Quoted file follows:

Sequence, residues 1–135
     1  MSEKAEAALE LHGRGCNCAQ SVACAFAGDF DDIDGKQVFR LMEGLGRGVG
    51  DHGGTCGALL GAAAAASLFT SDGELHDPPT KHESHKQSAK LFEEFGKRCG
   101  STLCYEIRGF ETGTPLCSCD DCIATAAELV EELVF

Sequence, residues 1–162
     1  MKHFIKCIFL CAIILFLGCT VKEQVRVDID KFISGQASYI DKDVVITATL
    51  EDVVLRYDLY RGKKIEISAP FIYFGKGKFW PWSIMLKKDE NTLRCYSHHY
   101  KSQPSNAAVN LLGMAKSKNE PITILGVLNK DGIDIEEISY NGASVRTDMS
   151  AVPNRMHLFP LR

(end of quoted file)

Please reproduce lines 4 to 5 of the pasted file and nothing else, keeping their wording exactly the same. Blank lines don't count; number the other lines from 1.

   101  STLCYEIRGF ETGTPLCSCD DCIATAAELV EELVF

Sequence, residues 1–162